In the following, reference is made to embodiments of the invention. However, it should be understood that the invention is not limited to specific described embodiments. Instead, any combination of the following features and elements, whether related to different embodiments or not, is contemplated to implement and practice the invention. Furthermore, in various embodiments the invention provides numerous advantages over the prior art. However, although embodiments of the invention may achieve advantages over other possible solutions and/or over the prior art, whether or not a particular advantage is achieved by a given embodiment is not limiting of the invention. Thus, the following aspects, features, embodiments and advantages are merely illustrative and not considered elements or limitations of the appended claims except where explicitly recited in the claim(s). Likewise, reference to “the invention” shall not be construed as a generalization of any inventive subject matter disclosed herein and shall not be considered to be an element or limitation of the appended claims except where explicitly recited in a claim(s).
Communication between the devices 120 and 130 may be monitored by a Link Interface Monitor (IM) 140. Link IM 140 may be any combination of hardware and/or software configured to sample data lines of the Interconnect Bus 180 in conjunction with a clock signal. The Link IM may be further configured to examine the sampled data and recognize predefined categories of events. If a known event is captured, the Link IM may notify the performance monitor that the event is presented on the Interconnect Bus 180. For example, a CPU may perform a read operation on a specific location in the GPU by sending a read packet over an interconnect bus connecting the CPU and the GPU. The Link IM for the interconnect bus may capture the read packet when it is presented on the bus and notify the performance monitor that a read packet is found on the bus.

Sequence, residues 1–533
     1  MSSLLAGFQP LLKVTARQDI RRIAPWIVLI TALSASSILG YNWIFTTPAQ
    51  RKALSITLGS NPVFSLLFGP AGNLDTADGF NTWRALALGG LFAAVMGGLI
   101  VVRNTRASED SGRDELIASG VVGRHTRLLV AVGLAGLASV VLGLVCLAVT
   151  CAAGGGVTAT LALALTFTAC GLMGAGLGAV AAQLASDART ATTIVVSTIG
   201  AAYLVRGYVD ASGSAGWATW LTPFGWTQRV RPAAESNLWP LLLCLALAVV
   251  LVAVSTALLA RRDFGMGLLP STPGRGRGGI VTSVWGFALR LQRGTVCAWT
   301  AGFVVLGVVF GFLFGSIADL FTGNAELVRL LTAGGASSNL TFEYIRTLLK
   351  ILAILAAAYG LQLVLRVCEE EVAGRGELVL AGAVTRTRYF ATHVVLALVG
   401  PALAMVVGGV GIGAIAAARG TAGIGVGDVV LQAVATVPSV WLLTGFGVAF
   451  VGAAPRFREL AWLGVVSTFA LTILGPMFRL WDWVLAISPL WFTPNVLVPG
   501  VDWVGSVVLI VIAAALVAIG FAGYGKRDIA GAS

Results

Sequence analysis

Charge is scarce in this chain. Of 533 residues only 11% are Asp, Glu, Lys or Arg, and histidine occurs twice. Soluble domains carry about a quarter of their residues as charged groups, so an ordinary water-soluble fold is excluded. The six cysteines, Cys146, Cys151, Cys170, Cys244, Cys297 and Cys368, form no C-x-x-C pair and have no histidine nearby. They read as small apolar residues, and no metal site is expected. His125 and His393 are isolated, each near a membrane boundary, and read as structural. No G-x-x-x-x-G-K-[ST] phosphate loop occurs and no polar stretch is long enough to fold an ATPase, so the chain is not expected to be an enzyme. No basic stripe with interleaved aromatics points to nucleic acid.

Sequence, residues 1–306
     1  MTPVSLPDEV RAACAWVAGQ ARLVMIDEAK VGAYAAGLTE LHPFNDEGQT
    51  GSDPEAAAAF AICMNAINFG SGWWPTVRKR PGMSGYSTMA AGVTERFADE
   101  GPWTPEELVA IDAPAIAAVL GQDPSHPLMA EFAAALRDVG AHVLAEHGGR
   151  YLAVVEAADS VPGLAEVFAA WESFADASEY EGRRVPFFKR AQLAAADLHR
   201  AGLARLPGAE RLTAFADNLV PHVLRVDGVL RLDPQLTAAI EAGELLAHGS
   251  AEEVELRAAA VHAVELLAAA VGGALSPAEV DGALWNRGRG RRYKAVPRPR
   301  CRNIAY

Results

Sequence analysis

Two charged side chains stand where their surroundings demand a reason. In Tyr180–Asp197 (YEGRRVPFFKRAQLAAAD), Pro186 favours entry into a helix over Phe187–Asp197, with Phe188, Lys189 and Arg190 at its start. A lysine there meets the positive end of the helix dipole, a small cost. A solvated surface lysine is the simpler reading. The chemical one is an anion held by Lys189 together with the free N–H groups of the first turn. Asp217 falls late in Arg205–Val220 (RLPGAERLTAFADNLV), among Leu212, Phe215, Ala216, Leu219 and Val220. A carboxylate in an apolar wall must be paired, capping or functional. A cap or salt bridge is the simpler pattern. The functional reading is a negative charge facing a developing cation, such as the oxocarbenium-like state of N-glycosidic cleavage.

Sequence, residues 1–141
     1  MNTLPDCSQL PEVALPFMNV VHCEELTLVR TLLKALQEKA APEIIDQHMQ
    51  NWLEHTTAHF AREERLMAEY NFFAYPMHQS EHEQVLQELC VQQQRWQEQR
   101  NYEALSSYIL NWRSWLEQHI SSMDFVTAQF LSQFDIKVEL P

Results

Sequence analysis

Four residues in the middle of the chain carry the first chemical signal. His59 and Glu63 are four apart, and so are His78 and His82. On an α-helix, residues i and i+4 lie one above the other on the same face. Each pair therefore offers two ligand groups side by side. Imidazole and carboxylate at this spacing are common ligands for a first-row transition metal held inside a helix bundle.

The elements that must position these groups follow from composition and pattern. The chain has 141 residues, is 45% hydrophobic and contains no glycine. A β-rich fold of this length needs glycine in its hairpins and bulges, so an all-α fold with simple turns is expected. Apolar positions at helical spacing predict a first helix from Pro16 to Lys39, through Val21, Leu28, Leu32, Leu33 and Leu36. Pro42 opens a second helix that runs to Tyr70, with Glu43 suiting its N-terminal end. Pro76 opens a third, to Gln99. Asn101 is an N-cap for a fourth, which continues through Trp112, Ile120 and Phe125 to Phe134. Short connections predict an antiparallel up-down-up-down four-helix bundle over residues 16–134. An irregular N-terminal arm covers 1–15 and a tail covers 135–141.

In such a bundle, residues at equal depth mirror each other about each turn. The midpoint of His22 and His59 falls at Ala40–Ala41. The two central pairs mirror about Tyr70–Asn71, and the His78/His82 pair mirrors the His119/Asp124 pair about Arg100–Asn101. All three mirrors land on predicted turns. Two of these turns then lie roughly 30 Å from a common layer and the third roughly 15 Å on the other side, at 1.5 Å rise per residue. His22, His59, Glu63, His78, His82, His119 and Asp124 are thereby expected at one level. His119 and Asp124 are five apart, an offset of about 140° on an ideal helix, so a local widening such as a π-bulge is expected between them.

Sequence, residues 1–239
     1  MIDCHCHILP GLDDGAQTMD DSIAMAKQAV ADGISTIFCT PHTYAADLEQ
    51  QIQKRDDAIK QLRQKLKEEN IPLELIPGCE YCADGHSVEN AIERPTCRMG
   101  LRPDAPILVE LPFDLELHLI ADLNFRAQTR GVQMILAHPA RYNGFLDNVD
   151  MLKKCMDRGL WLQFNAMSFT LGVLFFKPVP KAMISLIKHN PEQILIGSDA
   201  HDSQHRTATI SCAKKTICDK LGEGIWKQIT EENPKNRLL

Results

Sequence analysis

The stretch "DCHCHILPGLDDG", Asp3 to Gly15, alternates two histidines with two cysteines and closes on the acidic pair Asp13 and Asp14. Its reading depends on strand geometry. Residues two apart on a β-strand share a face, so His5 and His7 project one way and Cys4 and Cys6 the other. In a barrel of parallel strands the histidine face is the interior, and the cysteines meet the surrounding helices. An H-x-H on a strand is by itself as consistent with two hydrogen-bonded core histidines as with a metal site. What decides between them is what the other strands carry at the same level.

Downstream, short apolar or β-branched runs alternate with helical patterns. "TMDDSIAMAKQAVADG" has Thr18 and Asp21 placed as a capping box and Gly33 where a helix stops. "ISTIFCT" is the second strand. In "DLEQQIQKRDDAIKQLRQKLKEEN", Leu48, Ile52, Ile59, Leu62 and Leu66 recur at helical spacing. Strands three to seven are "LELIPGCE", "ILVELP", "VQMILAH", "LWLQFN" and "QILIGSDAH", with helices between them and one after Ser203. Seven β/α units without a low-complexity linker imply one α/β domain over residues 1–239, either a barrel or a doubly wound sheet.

In some embodiments of the invention the Link IM may be configured to inject noise on to the Interconnect Bus 180. Such noise injection may be performed to simulate actual noise on the interconnect bus during normal operation of the system. In other embodiments, the Link IM may also be configured to introduce errors into an event captured on the bus before the event is dispatched to the destination device. For example, the Link IM may toggle some bits in the packet. As with noise injection, the introduction of errors may be performed to simulate actual errors that may occur while transferring packets during normal operation of the system. The goal of introducing such errors may be to verify that the destination device properly determines an error in the packet, for example by using a Cyclic Redundancy Check (CRC), and performs error correcting steps which may include correcting erroneous bits or requesting that the packet be sent again. While the above mentioned embodiments describe noise and error injection performed by the Link IM, those skilled in the art will recognize that such noise and error injection may be performed by a separate and independent device, such as an irritator device.